by Daud Abdullah
posted December 20, 2012 by MEMO
The most common explanation for the political impasse in Egypt is that it stems from an ideological tussle between Islamists and liberals. That is, however, only one side of the story. The other side shows, more vividly, a struggle between a nation yearning for democracy and a minority whose objective is the return to autocracy. This contempt for the will of the Egyptian people evokes disturbing memories of the dirty war launched against the Palestinians after they voted Hamas into power in 2006.
There are still several more acts to follow before this tragic drama comes to an end. Not all the actors have taken centre stage; many are prowling in the shadows. Their identity and roles will be exposed eventually, as happened in Palestine.
Soon after the June 2007 confrontation between Fatah and Hamas in the Gaza Strip, confidential documents revealed the involvement of the Bush administration, notably Secretary of State Condoleezza Rice and Deputy National Security Adviser Elliott Abrams, in the attempt to provoke a Palestinian civil war.
The failed coup against the Hamas-led government forced the resignation of David Wurmser, the Middle East adviser to Vice President Dick Cheney. He accused his political masters of “engaging in a dirty war in an effort to provide a corrupt dictatorship [led by Abbas] with victory.”
Since the ousting of the Mubarak regime, the Egyptian elite which spearhead the opposition to President Mohamed Morsi have failed to win the trust of the country’s electorate. Many held senior positions in the deposed regime. That by itself should be enough to raise doubts about their motives. However, they miscalculated and provoked public outrage with their derisive remarks about the ‘illiterate’, ‘poor’ and ‘backward’ voters.
The results of all the recent polls suggest that President Morsi still enjoys the support of most Egyptian voters. Many remember the social services and welfare programmes operated by the Muslim Brotherhood, of which he was a member. Their experience has, in many ways, mirrored that of Hamas in the Occupied Palestinian Territories.
Recognising the unlikely possibility of winning an election in the foreseeable future, the motley Egyptian opposition has sought external help, as Muhammad Dahlan and his cronies did against Hamas.
Two days after losing the presidential elections in June 2012, Ahmad Shafeeq fled to the United Arab Emirates (UAE). Since then he has used this refuge to plot his political comeback. Fortunately for him, he had in the person of Dubai’s chief of police, Dhahi Khalfan, a dependable and willing accomplice. The latter is an inveterate enemy of the Muslim Brotherhood. Long before Morsi was elected, Khalfan had waged a relentless media war against the Brotherhood, ostensibly because they pose a threat to the region’s stability.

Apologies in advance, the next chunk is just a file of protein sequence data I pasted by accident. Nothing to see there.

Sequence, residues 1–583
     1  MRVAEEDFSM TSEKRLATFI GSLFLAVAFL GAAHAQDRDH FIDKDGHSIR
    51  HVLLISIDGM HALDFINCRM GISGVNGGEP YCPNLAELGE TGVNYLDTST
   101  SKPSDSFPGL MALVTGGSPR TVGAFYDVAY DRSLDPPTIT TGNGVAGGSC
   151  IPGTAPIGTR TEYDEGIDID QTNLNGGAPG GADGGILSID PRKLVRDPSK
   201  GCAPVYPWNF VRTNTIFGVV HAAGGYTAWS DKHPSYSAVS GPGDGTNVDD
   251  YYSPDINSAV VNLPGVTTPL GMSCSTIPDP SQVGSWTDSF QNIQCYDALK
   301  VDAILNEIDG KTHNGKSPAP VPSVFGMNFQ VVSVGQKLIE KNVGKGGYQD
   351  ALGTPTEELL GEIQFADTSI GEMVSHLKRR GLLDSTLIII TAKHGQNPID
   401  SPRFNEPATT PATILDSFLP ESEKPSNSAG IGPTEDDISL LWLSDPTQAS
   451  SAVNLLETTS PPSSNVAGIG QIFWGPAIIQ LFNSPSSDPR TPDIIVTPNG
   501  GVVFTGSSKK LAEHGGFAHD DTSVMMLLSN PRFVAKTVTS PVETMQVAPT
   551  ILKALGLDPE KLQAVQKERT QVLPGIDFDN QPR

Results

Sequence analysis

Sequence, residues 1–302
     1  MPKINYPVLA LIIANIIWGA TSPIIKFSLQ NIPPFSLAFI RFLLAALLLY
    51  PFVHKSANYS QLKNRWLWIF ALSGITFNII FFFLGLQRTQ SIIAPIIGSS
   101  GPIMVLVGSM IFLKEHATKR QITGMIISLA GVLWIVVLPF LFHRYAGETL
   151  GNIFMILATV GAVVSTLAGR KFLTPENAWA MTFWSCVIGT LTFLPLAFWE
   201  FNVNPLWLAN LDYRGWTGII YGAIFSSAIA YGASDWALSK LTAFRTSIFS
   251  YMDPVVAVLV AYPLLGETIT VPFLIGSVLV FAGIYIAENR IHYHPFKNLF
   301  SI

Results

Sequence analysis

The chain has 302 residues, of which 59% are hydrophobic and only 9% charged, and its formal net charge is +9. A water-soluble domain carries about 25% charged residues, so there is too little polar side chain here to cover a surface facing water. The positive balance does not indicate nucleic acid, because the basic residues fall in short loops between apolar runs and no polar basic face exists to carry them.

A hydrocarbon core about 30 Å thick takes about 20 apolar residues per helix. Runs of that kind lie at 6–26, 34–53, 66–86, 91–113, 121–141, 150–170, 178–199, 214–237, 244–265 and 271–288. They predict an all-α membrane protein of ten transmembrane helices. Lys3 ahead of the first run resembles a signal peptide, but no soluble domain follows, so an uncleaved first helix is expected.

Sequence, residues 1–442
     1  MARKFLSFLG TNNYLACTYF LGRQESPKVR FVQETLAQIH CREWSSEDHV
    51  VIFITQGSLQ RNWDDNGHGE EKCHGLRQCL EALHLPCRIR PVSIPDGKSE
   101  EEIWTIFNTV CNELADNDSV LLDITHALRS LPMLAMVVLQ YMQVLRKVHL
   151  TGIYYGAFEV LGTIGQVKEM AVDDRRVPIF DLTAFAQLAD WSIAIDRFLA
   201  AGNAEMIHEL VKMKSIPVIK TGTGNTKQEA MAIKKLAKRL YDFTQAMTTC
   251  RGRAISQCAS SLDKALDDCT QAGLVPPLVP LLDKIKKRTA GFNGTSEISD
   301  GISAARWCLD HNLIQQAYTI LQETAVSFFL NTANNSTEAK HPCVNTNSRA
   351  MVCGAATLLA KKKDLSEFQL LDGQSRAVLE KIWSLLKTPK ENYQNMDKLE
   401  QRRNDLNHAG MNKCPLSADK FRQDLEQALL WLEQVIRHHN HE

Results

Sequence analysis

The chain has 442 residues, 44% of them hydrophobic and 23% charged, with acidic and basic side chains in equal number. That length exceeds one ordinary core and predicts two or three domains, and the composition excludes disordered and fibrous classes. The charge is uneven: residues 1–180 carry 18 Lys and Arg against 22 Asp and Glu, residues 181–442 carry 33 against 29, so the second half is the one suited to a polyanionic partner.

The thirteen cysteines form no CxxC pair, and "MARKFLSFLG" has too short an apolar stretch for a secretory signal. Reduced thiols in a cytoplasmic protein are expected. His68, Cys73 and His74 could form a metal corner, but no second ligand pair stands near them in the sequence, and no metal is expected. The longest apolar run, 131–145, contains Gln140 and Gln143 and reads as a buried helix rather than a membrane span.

To many, it seemed more than coincidence that both Dahlan and Shafeeq ended up in the UAE. Whereas the former relied on the supply of American weapons, Shafeeq, the real maestro of Egypt’s opposition, has, in addition to his foreign backers, relied on the manipulation of elements within the Egyptian judiciary.
In their attempt to wrest power from Morsi the opposition has even pandered to the fantasies of the Israeli government. This week, Khalfan endorsed Benjamin Netanyahu’s call to break the economic back of Egypt by denying it aid. Given Egypt’s strong stance during the recent eight-day war and the humiliating truce he was forced to accept, it was only a matter of time before Netanyahu sought to get level with Morsi.
In an apparent division of roles, Angela Merkel’s Germany on Monday announced the postponement of its debt relief for Egypt. It had previously planned to forego €240 million of Cairo’s debt. The reason for this, according to Development Minister, Dirk Niebel, was that his government had serious reservations about the policies of President Morsi.
A campaign of demonstrations and attacks on private and public property as witnessed in Egypt was used similarly to disrupt the democratic process in the OPT after 2006. The attacks on Morsi’s supporters resembled the attacks on the victory rally by Hamas supporters in Ramallah and Al Bireh on 27 January 2006. Likewise the killing of Morsi’s supporters has evoked memories of Gaza where Ismail Haniyeh, Mahmoud Zahar, Saeed Siyam, Fawzi Brahoum, Atif ‘Udwan and Basim Naeem were all victims of assassination attempts. In both Gaza and Egypt calls by the Islamists for dialogue and power sharing have been rejected.
Further, the role of the media in both instances was also visible. On 14 February 2006 Mahmoud Abbas passed several presidential decrees allowing the transfer of a number of media institutions from the ministry of information to the office of the presidency or the PLO, which is dominated by his own party, Fatah. In Egypt, elements of the former regime continue to dominate the state-owned and private media, waging a relentless misinformation campaign against the democratically-elected president.
By attempting to turn the clock back, the Egyptian opposition has proven that it has learnt nothing from events in Gaza in 2007. Clearly, the safest route to power is through the ballot box. No amount of foreign support can supersede the people’s will. Is it not time that they and their shadowy backers respect the choices of the Egyptian people? If they want to challenge President Morsi, let them do it at the next election. That’s what voters in every other democracy are told, so why not in Egypt?